Cyber Security-Privacy: Are We All Living In Glass Houses? Can I Get Some Privacy, Please?
Levent Ertaul, California State University, East Bay
Cyber security, cyberwar, hacking, privacy, and governmental/personal data breaches… We keep hearing these with increasing frequency repeatedly. This creates a cyber
anxiety everywhere. On top of that we, as ordinary people started to learn that corporations and governments all around the world keep track of our personal data. For example, mobile phones constantly provide information about our location to service providers. Google knows what we are thinking about from our personal online searches. Facebook can see who our friends are. Yahoo knows the type of news we are interested in. Our online shopping patterns are recorded. Governments are launching surveillance programs to collect our personal data on the cyber space. AS the list goes on... It is as if we are all living in glass houses in which we do not have any privacy or cannot keep any secrets anymore. Cyber security issues affect everyone. Most of all they affect us individuals. That is why ignorance is not bliss in cyber security. Every day we face new questions, new challenges from our rights and responsibilities as citizens of the cyber world to how to protect ourselves, if we can, from new types of security threats. In this talk, I will try to explain vulnerabilities and security issues in the cyber space along with what we can and cannot do to protect ourselves.
Maya Ackerman, San Jose State University
Songwriting, the art of combining melodies and lyrics, poses new challenges to algorithmic composition. ALYSIA is a machine-learning system that learns the relationship between melodies and lyrics, and uses the resulting model to create new songs in the style of the corpus. While ALYSIA creates melodies for user-provided lyrics, another system, MABLE, creates computer-generated lyrics that convey a coherent story. Original works created with the systems will be shown.
Data Analytics: A Case Study In Healthcare
Mohammad Pourhomayoun, Cal State University, Los Angeles
The increasing cost of chronic disease management demands novel technological solutions that shift healthcare services from clinical and hospital settings to a remote and homebound scenario. Alternative and innovative technologies such as Remote Health Monitoring Systems, Big Data Analytics, and Wireless Health Technologies allow for collecting physiological and contextual data from patients, and providing unique opportunities for real-time data analytics to predict health conditions and prevent medically adverse events. The development of effective predictive models and big data analytics systems, however, faces several fundamental challenges regarding their robustness, scalability, and real-time processing of big heterogeneous data. These challenges necessitate the design and development of robust and scalable data processing techniques based on advanced machine learning algorithms that can efficiently extract the information from physiological data and allow for knowledge discovery and analysis. This talk presents a research methodology for data analytics in next-generation remote health management platforms.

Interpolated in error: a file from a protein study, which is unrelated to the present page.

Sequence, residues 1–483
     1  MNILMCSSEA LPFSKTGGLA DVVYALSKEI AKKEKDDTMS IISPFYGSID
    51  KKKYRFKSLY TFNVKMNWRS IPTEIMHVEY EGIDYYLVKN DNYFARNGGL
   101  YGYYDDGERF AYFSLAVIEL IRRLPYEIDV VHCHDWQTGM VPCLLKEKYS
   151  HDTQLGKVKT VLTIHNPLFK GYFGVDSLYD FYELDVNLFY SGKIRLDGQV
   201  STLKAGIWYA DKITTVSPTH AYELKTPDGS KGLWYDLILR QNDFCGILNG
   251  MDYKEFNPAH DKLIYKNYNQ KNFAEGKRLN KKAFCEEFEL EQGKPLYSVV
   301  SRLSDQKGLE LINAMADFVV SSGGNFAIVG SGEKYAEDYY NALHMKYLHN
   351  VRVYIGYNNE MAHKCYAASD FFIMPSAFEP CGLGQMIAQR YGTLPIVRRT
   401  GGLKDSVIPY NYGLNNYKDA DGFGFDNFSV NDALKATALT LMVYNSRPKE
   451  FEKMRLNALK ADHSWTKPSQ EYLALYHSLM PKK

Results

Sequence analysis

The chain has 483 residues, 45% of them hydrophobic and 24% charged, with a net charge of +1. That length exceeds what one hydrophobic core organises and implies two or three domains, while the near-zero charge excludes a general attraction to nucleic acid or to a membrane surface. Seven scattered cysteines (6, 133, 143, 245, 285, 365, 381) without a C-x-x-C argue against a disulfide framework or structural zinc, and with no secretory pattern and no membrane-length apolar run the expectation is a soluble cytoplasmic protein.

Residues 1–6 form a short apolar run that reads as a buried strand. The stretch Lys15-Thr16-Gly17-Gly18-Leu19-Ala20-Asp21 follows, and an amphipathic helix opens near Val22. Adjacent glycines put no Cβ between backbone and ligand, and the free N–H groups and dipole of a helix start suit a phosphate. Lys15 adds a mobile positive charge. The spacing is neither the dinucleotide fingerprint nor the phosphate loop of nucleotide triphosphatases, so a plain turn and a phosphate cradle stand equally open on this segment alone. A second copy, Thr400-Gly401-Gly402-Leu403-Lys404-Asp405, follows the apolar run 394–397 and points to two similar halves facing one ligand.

Using Social Programming Environments To Improve Computing Education
Adam S. Carter, Humboldt State University
At only 46%, computing has one of the lowest baccalaureate retention rates. This statistic is especially distressing given the upward trend in demand for computing professionals. To address this problem, I employ social programming environments (SPEs) to explore the application and impact of social learning theory on students enrolled in computing courses. Unlike traditional integrated development environments, SPEs provide students with opportunities to form learning communities and to engage other classmates in both formal and informal discussions. Even though participation within a learning community is positively linked to retention, such communities are frequently absent in early computing courses.
Secure Computation And Its Applications
Mehrdad Aliasgari, California State University, Long Beach
Data is either stored, transmitted or used in computation. Information security aims to provide protection at all the stages of data. Traditional encryption algorithms help us achieve security for data at storage and transmition. However, in order to provide security while executing a function on private data, we need a completely new set of tools. In this talk, we look at secure computation, its applications and challenges that lie ahead.